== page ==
Australia’s sea-level risk assessment out of date as US authorities say possible 2-metre rise by 2100
Posted: 30 Jan 2013 09:04 PM PST
by David Spratt
In assessing risks, it’s pretty basic that you assess the full range of possible future events, and the costs and benefits associated with each outcome. The more extreme outcomes at the edges of the range of possibilities may be considered less likely, but are often associated with very high costs and – in the case of climate change – catastrophic outcomes.
On rising sea levels and coastal inundation due to global warming, that’s precisely what the Australian government is NOT doing. While the science has for years projected sea-level rises in the range of 0.8 to 2 metres by 2100, the Australian government plods along spending tens of millions of dollars on consultants and adaptation research on the assumption that the rise will not exceed 1.1. metres.
This madness is the subject of a submission authored by LIVE and myself to the current Senate Standing Committees on Environment and Communications Inquiry into Recent trends in and preparedness for extreme weather events (It is #10 here).
The submission explains how the Australian government —having recognised that 2 metres was about the upper limit for sea-level risk assessments — then engaged in verbal gymnastics, flipping from “worse case scenarios” to “mid-range” to “plausible range of sea-level rise values” without a coherent explanation.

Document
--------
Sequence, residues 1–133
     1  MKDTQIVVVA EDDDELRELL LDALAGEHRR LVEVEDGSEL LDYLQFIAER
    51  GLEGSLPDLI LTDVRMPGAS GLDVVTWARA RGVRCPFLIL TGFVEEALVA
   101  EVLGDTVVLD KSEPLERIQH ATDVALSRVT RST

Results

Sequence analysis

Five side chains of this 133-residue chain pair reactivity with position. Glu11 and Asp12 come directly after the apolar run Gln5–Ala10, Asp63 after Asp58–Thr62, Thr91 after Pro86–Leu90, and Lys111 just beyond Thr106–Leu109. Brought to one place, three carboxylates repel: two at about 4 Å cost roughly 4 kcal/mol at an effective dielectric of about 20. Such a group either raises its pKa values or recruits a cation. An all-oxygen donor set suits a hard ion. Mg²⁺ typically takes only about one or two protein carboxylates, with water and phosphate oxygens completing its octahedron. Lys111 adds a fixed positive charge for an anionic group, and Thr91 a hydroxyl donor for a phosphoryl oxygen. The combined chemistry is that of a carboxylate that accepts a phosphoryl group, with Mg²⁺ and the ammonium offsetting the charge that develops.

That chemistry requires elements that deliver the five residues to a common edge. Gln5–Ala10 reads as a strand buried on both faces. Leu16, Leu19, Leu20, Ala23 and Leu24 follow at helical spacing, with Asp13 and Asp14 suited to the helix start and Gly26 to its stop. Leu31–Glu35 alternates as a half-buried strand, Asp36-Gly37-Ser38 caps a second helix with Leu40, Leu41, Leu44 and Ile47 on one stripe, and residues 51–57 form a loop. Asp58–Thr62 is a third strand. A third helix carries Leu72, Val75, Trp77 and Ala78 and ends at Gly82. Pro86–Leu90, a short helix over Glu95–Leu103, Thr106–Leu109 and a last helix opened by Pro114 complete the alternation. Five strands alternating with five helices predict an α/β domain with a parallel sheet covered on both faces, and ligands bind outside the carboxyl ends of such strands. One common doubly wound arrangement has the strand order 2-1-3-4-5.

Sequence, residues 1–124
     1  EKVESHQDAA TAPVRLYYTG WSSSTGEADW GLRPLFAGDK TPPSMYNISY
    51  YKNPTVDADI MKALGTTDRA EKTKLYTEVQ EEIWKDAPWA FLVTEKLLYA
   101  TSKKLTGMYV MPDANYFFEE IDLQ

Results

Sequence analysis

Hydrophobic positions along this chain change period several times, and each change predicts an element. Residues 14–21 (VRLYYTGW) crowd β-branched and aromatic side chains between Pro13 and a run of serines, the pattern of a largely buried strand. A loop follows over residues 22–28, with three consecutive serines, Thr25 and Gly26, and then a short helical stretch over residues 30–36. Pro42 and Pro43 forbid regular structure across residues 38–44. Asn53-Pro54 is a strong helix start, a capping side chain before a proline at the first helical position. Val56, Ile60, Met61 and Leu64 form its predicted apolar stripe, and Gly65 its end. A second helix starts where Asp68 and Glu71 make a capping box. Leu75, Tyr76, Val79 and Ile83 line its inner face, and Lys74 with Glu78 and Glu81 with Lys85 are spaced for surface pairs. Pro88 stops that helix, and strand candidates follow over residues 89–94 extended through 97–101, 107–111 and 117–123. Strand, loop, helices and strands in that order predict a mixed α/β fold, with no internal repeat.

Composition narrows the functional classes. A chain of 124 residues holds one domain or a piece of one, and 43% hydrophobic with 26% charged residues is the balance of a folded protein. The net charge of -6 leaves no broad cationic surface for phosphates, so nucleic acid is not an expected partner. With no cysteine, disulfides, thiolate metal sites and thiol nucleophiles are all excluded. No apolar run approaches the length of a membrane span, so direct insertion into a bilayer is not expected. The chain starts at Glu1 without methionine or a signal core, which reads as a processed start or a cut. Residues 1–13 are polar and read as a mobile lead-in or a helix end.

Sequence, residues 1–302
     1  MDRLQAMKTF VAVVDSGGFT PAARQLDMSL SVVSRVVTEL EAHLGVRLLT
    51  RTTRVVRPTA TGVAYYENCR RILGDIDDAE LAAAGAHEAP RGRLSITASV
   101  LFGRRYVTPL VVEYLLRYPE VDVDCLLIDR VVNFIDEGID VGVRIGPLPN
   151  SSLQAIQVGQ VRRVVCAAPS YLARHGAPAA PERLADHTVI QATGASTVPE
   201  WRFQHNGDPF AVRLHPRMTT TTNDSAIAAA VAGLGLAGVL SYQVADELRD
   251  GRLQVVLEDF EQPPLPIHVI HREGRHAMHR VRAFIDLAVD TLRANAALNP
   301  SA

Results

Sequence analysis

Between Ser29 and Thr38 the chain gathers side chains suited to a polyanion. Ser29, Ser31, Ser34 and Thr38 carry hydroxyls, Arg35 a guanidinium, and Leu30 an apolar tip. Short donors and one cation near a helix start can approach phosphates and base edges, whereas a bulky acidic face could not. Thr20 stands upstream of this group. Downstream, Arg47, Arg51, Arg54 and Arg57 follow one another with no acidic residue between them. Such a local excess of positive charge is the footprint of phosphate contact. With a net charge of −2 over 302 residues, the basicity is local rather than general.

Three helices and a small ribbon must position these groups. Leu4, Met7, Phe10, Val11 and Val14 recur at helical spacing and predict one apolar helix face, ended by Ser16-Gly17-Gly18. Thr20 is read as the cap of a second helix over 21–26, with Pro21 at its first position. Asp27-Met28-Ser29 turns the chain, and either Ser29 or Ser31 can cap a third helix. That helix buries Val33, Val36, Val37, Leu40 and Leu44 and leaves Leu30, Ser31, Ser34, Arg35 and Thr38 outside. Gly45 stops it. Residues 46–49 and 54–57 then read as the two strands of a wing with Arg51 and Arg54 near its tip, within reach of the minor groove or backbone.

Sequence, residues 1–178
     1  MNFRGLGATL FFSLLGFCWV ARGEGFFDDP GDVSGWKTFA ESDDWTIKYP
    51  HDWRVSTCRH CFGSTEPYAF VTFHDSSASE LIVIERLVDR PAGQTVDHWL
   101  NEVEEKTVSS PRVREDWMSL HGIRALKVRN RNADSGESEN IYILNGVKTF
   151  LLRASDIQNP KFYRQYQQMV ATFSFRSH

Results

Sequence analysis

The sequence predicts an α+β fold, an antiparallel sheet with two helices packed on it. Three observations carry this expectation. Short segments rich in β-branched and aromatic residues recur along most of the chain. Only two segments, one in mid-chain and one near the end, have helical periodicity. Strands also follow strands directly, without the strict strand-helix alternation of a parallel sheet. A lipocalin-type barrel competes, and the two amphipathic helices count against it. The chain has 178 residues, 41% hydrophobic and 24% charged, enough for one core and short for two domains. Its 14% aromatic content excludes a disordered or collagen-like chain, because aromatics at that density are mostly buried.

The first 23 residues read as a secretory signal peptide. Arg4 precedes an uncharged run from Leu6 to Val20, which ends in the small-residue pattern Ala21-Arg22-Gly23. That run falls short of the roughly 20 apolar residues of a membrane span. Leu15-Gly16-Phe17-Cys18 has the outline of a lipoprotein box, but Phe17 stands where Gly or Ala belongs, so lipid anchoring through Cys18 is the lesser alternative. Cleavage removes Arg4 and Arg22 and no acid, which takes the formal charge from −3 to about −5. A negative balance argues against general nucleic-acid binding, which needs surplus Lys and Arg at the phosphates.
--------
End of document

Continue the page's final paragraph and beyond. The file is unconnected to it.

So Climate Minister Wong told ABC “Insiders” on 15 November 2009 that:
1.1-metre ….is about the upper end of the risk. (Wong 2009)
And in June 2011 Climate Change Minister Combet told ABC News that:
The sea level rise of up to 1.1 metre…. is at the high end of the scenarios.
Trouble isn’t, neither statement was true.
And whilst Australia’s “high scenario” stands at just 1.1 metres, others including the United States’ government and the European Union are taking a different approach in recognising that more extreme events are possible, and need to be assessed.
A new report published last month by the US Department of Commerce and the National Oceanic and Atmospheric Administration notes that:
Scientists have very high confidence (greater than 90% chance) that global mean sea level will rise at least 8 inches (0.2 meter) and no more than 6.6 feet (2.0 meters) by 2100.
The report says that “identifying global mean SLR estimates is a critical step in assessing coastal impacts and vulnerabilities” and recommends four scenarios:
The lowest sea level change scenario (8 inch rise) is based on historic rates of observed sea level change. This scenario should be considered where there is a high tolerance for risk (e.g. projects with a short lifespan or flexibility to adapt within the near-term)
The intermediate-low scenario (1.6 feet) is based on projected ocean warming
The intermediate-high scenario (3.9 feet) is based on projected ocean warming and recent ice sheet loss
The highest sea level change scenario (6.6 foot rise) [2 metres] reflects ocean warming and the maximum plausible contribution of ice sheet loss and glacial melting. This highest scenario should be considered in situations where there is little tolerance for risk. (emphasis added)